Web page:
Six feet of water. It doesn’t sound like much, in theory. Your feet might still touch the bottom of the pool. But in the hands of the Weather Channel, and its crazy new Immersive Mixed Reality graphics system, viewers are getting a glimpse at how terrifyingly destructive it really is. A wall of murky liquid surrounds the host, bobbing cars and–is that a kamado grill?–in its wake. Like a real-time rendered bar graph, it grows from three feet, to six, to nine.
Earlier this summer, I spoke with Weather Channel design lead Michael Potts about the company’s new rig, which was developed with help from The Future Group. It uses Unreal Engine to render lifelike effects of weather around the broadcaster, a technology that the Weather Channel dubs “Immersive Mixed Reality.” At the time, the Weather Channel was debuting the system by reporting on tornados–but as Hurricane Florence pummels the Carolinas, we’re now seeing how it’s being used during Hurricane Season.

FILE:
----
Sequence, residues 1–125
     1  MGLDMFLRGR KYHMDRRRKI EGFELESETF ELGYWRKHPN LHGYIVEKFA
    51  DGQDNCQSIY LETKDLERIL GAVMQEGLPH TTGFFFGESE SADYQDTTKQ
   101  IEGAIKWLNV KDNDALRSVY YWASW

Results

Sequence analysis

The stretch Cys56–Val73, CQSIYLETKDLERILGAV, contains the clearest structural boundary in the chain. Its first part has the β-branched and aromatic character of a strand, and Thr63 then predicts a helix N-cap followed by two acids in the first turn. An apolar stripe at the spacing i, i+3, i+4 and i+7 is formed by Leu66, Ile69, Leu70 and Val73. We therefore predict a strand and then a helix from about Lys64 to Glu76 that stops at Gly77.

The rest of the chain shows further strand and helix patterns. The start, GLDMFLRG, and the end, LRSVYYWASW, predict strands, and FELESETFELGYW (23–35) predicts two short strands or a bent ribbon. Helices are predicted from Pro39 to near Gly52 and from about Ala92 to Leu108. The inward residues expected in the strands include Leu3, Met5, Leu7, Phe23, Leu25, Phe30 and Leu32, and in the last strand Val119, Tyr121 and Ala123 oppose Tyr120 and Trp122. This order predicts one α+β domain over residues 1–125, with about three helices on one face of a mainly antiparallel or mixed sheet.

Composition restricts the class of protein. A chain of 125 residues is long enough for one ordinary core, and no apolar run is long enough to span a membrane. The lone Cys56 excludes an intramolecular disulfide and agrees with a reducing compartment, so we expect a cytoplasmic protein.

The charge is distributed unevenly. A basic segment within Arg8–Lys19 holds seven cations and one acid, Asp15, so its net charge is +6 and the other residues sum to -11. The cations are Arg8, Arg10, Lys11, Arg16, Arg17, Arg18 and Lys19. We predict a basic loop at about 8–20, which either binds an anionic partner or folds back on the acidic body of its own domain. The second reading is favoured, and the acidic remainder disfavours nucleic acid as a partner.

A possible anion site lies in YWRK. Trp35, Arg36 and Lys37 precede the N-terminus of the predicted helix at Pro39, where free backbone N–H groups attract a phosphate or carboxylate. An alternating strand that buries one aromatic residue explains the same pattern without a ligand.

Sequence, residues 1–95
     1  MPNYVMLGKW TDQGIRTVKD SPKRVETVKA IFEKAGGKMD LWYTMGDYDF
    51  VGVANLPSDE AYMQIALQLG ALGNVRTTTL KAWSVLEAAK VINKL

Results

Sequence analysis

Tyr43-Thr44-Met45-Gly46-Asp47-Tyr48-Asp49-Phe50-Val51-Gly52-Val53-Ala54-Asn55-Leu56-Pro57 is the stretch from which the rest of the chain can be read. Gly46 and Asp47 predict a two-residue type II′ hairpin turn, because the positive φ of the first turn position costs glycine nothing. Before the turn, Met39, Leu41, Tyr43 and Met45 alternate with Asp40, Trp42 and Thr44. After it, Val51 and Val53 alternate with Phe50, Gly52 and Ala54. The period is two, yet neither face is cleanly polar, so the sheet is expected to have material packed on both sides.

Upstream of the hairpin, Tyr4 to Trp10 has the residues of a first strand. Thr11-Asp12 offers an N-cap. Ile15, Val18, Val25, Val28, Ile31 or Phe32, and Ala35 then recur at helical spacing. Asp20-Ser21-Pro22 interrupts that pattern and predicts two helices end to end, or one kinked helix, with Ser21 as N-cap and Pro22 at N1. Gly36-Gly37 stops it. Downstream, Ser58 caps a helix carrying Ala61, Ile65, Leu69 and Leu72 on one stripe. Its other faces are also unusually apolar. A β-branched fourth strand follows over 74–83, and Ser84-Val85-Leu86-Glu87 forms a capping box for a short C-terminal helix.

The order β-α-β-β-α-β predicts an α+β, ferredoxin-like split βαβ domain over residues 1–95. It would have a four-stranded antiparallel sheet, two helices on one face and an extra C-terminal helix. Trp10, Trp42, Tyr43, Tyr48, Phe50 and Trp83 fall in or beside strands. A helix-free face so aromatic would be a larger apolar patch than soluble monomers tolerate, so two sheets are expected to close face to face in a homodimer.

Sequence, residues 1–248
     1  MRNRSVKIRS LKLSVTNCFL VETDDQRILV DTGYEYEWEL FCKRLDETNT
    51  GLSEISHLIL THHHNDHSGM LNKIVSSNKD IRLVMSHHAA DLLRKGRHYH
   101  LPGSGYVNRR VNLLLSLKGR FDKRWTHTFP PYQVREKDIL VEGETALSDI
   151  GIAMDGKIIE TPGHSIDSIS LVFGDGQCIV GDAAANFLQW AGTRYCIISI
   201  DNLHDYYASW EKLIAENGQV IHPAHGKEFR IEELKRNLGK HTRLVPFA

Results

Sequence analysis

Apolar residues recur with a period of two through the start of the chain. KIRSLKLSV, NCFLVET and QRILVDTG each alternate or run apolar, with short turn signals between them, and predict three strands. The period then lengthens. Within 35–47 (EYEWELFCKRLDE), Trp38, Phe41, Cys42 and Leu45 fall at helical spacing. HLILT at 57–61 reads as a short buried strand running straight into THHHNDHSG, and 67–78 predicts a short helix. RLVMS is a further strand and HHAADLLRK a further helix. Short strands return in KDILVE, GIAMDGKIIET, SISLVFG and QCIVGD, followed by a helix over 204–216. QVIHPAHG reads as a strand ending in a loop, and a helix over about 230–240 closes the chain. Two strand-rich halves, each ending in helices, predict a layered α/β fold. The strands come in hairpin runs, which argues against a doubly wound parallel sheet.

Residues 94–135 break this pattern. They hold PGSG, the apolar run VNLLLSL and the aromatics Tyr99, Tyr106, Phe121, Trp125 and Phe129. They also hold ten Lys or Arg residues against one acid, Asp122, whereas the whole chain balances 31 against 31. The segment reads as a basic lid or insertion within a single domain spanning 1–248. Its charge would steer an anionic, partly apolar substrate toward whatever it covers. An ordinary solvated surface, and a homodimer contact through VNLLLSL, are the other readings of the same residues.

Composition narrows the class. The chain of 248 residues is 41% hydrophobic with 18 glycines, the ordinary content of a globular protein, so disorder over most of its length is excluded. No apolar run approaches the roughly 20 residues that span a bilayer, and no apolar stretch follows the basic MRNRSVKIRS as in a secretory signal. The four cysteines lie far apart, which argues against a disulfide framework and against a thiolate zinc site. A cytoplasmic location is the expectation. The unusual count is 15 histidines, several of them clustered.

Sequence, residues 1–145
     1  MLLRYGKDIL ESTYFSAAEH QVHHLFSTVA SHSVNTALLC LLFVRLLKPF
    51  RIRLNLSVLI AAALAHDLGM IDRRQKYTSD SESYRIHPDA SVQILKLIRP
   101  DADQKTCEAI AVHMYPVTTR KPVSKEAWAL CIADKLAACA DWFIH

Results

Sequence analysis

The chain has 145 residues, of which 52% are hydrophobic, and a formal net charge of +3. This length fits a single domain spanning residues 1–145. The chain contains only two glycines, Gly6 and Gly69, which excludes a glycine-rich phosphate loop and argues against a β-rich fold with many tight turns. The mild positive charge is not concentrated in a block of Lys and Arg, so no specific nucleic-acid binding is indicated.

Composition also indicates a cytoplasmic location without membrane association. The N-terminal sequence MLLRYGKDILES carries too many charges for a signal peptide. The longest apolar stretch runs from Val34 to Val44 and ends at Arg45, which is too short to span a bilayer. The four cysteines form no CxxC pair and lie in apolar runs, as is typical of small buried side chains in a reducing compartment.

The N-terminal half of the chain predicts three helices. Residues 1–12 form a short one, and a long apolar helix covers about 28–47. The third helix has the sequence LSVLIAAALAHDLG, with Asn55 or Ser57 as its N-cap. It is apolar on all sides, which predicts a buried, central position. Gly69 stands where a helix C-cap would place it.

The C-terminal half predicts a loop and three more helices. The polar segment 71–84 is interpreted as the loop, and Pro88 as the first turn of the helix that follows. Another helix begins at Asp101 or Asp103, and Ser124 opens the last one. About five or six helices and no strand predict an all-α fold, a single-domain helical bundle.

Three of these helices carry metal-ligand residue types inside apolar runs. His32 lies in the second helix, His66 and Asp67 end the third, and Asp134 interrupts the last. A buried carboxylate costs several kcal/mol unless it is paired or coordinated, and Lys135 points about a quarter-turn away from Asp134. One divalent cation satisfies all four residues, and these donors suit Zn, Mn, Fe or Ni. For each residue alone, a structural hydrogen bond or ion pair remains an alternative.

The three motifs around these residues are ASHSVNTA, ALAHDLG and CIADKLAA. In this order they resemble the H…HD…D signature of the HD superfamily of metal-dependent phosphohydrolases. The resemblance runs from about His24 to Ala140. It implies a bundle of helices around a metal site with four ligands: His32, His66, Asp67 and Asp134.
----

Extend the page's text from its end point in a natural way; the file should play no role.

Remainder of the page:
And as sensational as the Weather Channel’s interactive graphics can be, the producers seem to be striking the right tone with them. Here, these simulated hurricane floods are neither fear-mongering or needless spectacle; they’re a visualization of the very real devastation that could come in their wake.